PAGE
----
It was a shockingly tragic event which will haunt many. A national treasure, an iconic building, has been lost, save only for the classical columns that served as its imposing façade.
Those of us who had intimate relations with the nation’s post office could not help but weep at its destruction.
I need answers as to how the flames engulfed the entire structure so quickly, when all the floors are separated by concrete slabs, vintage 1946.
If indeed it started in the basement which houses the mail sorting section, one can readily understand that there are plenty of combustible materials there, from the letters and parcels, to the wooden pigeon holes and desks that postal employees utilize.
Sadly, no fire sprinkler system had been innovated into the building which was built when no such contraptions existed.
And on its two half-moon shaped structures flanking the east and west of the building, one can understand how the flames may have gone up, and through the stairwells that lead to the grand lobby of the central post office.
But for the flames to have gone up so fast and destroyed the entire inside parts of the building in a matter of hours remains a mystery to those of us who do not have scientific knowledge of how fires spread.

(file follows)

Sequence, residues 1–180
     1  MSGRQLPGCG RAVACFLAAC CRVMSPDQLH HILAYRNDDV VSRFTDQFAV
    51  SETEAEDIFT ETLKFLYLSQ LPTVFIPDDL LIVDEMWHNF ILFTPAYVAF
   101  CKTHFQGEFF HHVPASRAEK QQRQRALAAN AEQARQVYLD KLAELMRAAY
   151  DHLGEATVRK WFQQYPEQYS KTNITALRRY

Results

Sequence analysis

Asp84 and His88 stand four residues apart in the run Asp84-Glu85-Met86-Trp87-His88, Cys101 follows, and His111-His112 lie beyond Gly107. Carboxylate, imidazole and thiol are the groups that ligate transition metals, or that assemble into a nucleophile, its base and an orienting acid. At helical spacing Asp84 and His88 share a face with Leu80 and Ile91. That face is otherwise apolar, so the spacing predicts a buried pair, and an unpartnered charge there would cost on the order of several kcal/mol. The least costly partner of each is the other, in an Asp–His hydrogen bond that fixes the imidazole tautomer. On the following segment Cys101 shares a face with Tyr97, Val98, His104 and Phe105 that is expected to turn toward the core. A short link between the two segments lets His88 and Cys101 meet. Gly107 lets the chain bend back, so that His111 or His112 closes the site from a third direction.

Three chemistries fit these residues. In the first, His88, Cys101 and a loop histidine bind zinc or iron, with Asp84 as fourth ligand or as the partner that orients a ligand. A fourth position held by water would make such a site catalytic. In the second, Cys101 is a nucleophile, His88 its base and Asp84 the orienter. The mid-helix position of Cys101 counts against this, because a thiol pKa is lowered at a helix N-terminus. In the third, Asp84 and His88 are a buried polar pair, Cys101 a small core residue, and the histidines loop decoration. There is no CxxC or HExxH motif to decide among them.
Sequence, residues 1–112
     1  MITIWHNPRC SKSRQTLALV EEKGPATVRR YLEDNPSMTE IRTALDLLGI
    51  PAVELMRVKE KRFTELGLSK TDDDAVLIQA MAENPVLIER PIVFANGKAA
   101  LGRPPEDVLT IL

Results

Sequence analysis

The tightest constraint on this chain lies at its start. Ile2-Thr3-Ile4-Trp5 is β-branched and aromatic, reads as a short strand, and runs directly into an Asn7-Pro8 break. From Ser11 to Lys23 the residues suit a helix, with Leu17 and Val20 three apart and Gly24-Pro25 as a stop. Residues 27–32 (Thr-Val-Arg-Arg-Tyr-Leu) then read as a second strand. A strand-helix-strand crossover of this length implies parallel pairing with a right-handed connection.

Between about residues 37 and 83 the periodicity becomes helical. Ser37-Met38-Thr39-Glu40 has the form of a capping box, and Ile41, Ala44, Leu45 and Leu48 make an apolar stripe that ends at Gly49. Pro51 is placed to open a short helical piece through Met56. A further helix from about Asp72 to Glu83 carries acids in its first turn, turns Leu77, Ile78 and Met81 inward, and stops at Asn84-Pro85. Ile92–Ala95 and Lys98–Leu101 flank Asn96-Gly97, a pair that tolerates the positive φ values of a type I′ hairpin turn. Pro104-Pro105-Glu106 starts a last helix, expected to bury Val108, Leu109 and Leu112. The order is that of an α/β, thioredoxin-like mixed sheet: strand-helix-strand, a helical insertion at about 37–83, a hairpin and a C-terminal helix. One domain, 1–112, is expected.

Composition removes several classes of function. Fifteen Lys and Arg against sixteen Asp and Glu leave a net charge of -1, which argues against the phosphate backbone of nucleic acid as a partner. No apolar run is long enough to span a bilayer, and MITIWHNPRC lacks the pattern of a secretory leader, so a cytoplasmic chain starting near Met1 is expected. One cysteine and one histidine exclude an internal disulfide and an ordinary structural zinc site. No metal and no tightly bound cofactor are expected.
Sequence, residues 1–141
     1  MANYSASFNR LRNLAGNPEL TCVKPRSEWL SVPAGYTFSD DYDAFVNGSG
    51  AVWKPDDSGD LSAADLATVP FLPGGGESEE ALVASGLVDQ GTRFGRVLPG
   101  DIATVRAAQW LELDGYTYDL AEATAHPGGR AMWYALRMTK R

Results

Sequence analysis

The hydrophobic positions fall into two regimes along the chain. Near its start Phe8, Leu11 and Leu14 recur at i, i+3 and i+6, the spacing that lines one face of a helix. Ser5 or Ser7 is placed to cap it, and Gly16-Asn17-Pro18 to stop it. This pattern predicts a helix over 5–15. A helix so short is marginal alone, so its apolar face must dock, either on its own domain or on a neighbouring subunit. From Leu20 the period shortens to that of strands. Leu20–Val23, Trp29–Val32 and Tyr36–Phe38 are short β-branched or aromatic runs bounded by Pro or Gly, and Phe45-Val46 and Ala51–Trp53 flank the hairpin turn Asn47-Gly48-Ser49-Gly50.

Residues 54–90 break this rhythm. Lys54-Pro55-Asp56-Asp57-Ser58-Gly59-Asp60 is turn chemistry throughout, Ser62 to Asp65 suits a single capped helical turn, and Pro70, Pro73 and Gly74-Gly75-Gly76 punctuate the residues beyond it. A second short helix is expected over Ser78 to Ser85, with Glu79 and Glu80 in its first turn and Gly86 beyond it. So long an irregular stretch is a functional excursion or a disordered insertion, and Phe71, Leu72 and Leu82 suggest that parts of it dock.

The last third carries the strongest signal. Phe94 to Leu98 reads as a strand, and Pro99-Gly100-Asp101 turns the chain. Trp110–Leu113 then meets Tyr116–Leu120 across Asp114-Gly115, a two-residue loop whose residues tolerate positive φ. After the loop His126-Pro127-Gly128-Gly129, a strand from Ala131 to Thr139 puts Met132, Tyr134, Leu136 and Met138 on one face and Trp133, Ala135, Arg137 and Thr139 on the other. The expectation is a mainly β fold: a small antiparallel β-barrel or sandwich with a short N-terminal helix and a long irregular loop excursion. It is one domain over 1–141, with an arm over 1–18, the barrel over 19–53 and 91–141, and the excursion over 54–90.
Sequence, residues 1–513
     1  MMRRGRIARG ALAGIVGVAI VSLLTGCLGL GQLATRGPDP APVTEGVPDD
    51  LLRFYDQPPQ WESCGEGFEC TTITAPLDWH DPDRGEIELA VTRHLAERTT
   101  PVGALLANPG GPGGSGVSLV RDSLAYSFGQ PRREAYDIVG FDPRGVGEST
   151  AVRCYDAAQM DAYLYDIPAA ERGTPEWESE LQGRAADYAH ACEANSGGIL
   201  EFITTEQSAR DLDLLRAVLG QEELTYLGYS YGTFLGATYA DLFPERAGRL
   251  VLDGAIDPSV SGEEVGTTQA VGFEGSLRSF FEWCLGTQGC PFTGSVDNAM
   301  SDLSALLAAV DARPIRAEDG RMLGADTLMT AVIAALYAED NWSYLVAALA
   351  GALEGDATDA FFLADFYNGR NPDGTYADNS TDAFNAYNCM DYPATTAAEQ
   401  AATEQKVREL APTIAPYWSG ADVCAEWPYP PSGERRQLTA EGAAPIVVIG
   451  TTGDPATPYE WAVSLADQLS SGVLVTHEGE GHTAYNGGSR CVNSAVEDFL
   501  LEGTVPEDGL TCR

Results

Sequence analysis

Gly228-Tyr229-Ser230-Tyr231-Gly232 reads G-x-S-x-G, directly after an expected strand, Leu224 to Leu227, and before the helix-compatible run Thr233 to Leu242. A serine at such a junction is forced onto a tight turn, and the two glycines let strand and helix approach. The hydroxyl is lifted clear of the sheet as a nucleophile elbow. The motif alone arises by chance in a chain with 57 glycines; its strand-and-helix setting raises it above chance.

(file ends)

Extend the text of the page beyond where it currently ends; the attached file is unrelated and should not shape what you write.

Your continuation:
This writer was postmaster-general from 1986 to 1988, and on Tuesday night, I had a long-scheduled dinner with another former postmaster-general and a past president of the defunct Postal Savings Bank, whose separate building flanks the now beautified Jones Bridge.
Aside from collective sadness at what transpired from Sunday night till Monday morning, there were several questions that we hope, in quick time, the Bureau of Fire Protection and other pertinent investigators can shed light upon.
The initial estimate of damage by the Manila fire officials was 300 million pesos.
That was dead wrong.
There can be no price tag on a national heritage treasure that was originally built in 1926, by some of our greatest architects—Juan Arellano and Tomas Mapua, on a site planned by Daniel Burnham.